You will be given detailed information about your dressings and wound care. It is common for some of fluid injected into the knee to ooze out into the dressings over the first two days, and this typically has a faint red colour to it. You can shower with the waterproof dressings but avoid soaking in the bath or a pool. If they come loose or get soaked, please replace them with fresh waterproof dressings.
Your first post-operative visit will be with your orthopaedic surgeon at around 2 weeks. This appointment is critical for checking your wound healing. Further follow up with your surgeon with x-rays at each visit will be undertaken until the full healing has occurred.
At Precision Integrated Orthopaedics, we recommend that you book your first post operative appointment with your physiotherapist as soon as you have a confirmed surgical date. This should be between 2 and 5 days from the surgery. We will have communicate the rehab plan with your treating physiotherapist and/or exercise physiologist, and you will also see our rehabilitation physician pre-and post-operatively. The goals of rehabilitation are to manage swelling and stiffness, and then to concentrate on leg strength and function.
Your knee may remain swollen for up to 6 weeks after surgery. Recovery to the point where the knee feels relatively normal for most daily activities takes around 6 months.
Returning to driving takes at least 6 weeks for right knee surgery, and 2 weeks for left knee surgery (in an automatic vehicle; longer in manual vehicles where a clutch is being operated). Irrespective, you must be able to safely perform an “emergency stop” and you also must have stopped all painkilling medication other than over the counter meds such as paracetamol or anti-inflammatories before you can return to driving. Before you do return to driving, it is critical that you get final clearance from your rehabilitation specialist.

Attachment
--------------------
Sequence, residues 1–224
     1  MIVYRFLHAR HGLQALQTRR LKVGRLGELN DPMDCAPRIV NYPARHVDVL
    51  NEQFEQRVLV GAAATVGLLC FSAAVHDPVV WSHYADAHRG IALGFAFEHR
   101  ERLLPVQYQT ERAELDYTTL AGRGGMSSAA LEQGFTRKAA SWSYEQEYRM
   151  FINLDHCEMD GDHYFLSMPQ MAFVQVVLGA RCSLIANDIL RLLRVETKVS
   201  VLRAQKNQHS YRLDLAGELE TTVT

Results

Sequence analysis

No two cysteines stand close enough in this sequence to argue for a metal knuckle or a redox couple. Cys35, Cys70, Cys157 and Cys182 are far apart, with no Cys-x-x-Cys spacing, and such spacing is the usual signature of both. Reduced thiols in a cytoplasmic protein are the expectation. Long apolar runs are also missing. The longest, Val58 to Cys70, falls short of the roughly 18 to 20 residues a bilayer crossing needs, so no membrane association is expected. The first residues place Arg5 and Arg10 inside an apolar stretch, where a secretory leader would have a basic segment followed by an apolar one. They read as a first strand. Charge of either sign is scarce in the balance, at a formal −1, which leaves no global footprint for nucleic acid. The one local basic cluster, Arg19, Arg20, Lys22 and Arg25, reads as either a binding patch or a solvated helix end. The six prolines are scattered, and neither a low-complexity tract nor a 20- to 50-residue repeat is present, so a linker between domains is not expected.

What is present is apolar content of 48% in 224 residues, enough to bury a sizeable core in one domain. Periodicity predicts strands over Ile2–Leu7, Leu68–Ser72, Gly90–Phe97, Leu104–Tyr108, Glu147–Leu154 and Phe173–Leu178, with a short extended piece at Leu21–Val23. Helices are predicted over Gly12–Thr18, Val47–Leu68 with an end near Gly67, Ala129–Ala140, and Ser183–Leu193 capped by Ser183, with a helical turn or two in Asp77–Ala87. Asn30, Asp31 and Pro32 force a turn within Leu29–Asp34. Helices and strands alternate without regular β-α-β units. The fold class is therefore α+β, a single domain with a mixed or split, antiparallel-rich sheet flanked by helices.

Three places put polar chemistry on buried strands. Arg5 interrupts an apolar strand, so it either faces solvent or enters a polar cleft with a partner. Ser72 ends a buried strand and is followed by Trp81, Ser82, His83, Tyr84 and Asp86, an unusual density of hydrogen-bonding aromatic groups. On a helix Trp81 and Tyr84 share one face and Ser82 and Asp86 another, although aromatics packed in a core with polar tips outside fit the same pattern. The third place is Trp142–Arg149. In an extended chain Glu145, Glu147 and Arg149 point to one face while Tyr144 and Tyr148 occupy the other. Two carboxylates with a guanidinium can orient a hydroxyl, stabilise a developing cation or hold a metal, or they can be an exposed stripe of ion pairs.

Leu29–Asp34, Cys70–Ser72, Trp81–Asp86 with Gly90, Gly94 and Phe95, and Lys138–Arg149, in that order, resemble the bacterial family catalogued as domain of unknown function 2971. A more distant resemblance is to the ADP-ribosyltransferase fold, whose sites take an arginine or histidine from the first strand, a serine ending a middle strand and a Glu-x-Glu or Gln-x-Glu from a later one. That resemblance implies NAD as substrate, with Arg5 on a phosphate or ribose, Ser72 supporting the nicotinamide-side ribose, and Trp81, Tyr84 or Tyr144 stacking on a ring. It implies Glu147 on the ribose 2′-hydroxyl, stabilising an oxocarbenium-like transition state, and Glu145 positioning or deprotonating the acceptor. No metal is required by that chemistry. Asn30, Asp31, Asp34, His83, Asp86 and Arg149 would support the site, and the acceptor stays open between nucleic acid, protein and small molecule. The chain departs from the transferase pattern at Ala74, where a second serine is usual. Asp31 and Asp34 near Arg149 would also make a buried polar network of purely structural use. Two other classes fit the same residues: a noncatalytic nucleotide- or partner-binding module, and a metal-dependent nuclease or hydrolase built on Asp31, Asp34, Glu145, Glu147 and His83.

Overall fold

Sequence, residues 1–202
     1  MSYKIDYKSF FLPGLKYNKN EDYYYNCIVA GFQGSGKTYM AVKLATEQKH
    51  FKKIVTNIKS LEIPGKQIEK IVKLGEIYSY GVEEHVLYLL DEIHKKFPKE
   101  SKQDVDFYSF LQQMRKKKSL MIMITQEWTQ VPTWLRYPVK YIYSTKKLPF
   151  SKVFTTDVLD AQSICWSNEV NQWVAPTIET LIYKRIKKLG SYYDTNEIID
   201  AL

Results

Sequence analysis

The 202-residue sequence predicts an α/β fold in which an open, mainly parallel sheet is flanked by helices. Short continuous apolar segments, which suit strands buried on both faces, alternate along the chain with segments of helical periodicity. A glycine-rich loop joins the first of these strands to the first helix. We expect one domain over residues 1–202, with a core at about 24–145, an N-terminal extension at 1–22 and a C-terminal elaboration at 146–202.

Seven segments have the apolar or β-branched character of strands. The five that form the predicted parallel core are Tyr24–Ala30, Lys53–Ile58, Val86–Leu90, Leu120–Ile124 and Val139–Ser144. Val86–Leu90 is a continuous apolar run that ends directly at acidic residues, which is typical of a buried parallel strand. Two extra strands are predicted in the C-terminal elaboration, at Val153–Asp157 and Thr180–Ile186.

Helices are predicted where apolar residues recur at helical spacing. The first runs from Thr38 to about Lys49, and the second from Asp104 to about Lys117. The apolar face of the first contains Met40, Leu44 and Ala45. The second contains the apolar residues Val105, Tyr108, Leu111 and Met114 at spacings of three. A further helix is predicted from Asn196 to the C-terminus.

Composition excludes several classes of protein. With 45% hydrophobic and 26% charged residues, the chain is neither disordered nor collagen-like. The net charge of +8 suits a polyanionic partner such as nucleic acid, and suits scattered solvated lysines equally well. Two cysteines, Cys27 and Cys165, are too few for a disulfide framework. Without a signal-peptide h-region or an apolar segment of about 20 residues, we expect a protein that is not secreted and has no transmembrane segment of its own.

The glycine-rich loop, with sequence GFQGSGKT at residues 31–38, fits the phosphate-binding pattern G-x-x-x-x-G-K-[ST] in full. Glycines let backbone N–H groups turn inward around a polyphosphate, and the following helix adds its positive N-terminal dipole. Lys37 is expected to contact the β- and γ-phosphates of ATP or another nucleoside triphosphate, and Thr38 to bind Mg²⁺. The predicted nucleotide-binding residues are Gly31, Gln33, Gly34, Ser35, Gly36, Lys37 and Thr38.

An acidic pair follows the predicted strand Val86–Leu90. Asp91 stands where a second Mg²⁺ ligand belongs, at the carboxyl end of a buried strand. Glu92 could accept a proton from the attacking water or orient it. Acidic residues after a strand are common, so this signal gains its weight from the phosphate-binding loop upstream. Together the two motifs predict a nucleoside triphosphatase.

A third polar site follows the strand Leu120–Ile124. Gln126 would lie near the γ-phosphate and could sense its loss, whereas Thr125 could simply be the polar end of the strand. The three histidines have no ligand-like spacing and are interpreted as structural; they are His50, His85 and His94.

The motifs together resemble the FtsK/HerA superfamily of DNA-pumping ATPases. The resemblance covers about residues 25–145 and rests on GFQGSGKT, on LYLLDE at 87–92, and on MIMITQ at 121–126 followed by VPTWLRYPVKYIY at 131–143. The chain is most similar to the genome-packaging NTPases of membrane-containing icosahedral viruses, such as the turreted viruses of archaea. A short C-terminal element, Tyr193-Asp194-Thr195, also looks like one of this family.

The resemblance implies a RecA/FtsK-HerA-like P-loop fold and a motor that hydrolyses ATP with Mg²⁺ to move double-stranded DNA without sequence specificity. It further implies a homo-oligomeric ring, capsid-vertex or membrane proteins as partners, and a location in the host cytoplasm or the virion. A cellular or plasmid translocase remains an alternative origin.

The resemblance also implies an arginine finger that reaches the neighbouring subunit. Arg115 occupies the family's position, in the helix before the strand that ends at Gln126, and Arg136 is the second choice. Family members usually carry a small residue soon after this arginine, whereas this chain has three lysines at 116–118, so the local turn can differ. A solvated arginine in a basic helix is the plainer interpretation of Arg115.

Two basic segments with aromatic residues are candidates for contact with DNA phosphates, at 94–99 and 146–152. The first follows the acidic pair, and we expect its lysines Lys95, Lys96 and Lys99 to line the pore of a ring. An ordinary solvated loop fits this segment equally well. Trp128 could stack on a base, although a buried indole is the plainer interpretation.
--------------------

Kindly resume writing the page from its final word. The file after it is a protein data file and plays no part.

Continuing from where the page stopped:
Return to work depends on your job. Office workers can usually return to work after 1-2 weeks, however heavy manual workers may need 2-3 months before resuming full duties.
Most patients will substantially recover from a torn ACL after six months, but depending on the extent of the injury and the type of graft, full recovery can take several more months. If the graft is taken from another tissue in the patient’s knee, the patient should be able to resume athletic activities in around six months. If the graft is from another person. completely recovery takes around nine months, as the foreign tissue takes longer to become attached to the bone.
Return to play depends on the type of sport. Returning to higher risk sports such as netball, soccer, football and basketball takes at least 9-12 months, and involves commitment to your rehabilitation program. Returning to sport too early will increase the risk of the graft failing.
ACL reconstruction surgery is generally a relatively safe procedure; however all types of joint surgery carry risks. The most common side effect is temporary pain and bruising. Other complications can include:
- Blood clots in the leg (deep venous thrombosis, or DVT), with swelling, pain and sometimes pulmonary emboli (blood clots travelling to the lungs, which may be life-threatening). You may require blood thinners for several months. DVT is uncommon after ACL surgery.
- Pain or discomfort around the hamstring or patella tendon graft site.
- This is very uncommon after ACL surgery. If the infection spreads into the knee joint itself, further surgery be needed to wash the joint out.
- Skin numbness around the knee.
- Joint stiffness. This usually settles within the first few days to weeks, however some patients suffer from excessive internal scarring called arthrofibrosis, which can lead to long-term stiffness.
- Rupture of the graft. The reconstructed AC ligament is at a higher risk of rupture during the first 3 months of rehabilitation (while it is regaining a blood supply). The risk is 1-2%, higher if returning to high impact sports. If this occurs, it can be reconstructed again using another graft.
- Anaesthetic risks.
- Allergic reaction to medications.
- Heart damage.
- Stroke and mortality (death).